By Kelly Harmon Monmouth County Vocational School District

I wish I had a dollar every time a teacher asked their students if they had any questions and then continued on after no one raised a hand or shared any pressing inquiries. I see this much too often. Teachers assume that simply asking students if they have any questions equates to “assessing”, and if students are quiet in response then they must “get it”.  I beg to differ.

We need to move out of our comfort zone of doing what “we’ve always done” and jump into the trenches to provide formative assessments that allow us to get dirty while making spur of the moment decisions that may deviate from the scripted lesson plan.

Well, what does this look like and what does it mean?

  • This means assessing while teaching simultaneously.
  • This means being observant and attentive all of the time, jotting down notes as you walk around and monitoring groups working collaboratively.
  • This means conferencing with students while they work on an essay draft.
  • This means having students code, mark and annotate a text as they read in class, so you can assess their critical reading skills. (And if they don’t annotate, that’s very telling too. They probably don’t know how to!)
  • This means having a “confusion board” at the back of the room for students to share their questions from the previous night’s homework. In Cynthia Ryan’s 2014 article “Teaching in the Present- Empowering Teachers and Students through Formative Assessment”, she agrees that class should begin by “clearing up any misconceptions from the previous class, so every class is ‘a continuation of what happened in the last meeting’”.
  • This means asking students to write answers on white boards and sharing with the class.
  • This means allowing students to write what they know on post-it notes and sticking them up on the board for a quick review.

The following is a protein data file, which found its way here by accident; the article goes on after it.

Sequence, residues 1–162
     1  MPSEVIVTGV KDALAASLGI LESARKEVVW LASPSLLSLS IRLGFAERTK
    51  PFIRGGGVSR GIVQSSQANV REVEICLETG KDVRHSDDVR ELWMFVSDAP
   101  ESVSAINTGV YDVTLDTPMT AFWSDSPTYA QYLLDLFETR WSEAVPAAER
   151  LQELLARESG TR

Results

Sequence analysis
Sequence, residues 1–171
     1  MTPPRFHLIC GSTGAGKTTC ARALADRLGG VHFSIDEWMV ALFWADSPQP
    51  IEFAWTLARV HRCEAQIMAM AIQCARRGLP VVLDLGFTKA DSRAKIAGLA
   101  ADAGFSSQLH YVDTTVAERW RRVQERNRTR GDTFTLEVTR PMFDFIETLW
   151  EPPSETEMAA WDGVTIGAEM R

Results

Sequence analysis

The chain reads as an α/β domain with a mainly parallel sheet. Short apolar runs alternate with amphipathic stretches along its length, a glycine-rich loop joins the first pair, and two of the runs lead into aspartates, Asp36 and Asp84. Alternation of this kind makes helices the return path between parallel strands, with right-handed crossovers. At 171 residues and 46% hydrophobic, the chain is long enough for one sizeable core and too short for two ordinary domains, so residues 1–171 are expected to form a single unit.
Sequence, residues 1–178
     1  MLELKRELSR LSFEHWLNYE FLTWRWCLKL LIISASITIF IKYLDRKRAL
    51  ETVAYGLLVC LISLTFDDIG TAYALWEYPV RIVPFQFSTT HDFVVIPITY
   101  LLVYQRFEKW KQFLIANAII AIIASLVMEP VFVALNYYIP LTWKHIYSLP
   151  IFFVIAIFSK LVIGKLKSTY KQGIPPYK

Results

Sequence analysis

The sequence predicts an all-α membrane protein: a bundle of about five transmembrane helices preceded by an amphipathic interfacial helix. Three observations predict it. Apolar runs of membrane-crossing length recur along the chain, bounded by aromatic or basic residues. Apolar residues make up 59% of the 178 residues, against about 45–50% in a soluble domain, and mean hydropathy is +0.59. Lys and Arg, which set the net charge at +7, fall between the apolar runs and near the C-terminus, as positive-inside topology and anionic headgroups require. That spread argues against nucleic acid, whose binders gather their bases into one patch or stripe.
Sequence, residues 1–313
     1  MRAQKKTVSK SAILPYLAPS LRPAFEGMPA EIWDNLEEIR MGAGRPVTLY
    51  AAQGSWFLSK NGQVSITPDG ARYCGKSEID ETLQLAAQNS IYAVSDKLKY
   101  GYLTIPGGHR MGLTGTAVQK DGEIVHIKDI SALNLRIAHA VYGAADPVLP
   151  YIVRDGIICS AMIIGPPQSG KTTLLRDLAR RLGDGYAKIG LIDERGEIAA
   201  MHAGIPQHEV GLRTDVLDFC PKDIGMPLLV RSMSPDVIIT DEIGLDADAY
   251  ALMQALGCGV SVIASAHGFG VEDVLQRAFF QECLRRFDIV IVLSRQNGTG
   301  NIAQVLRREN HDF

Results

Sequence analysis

• This means conferring with students during work time to provide real-time feedback.

unit of inquiry

True formative assessment is messy. It’s not a quiz or a mini summative assessment. It is a “constantly occurring process, a verb, a series of events in action, not a single tool or a static noun” (NCTE Executive Board, 2013).

Providing feedback that fortifies is extremely rewarding because “as teachers are seeking information about how students are learning, students are also engaging in self-reflection about their reading, writing, and thinking processes” (Ryan, 2014).

Below are some strategies for embedding formative assessments:

Strategy #1: Clarify, share and understand learning intentions and success criteria. The aim is not to help students complete the activity; it is to help them learn.

  • Get students to assess samples of student work – from anonymous students and then from peers
  • Use rubrics as the starting point for a dialogue with students.
  • Find out what your students think they are learning.
  • Use phrases like: “We are learning to…” and “What I’m looking for…”

Strategy #2: Engineer effective discussion, tasks, and activities that elicit evidence of learning. Plan questions in advance.

  • No hands up, except to ask a question. Choose students at random: electronic randomizer, sticks, small cards, hot seat questioning
  • Don’t let “don’t know” end the conversation.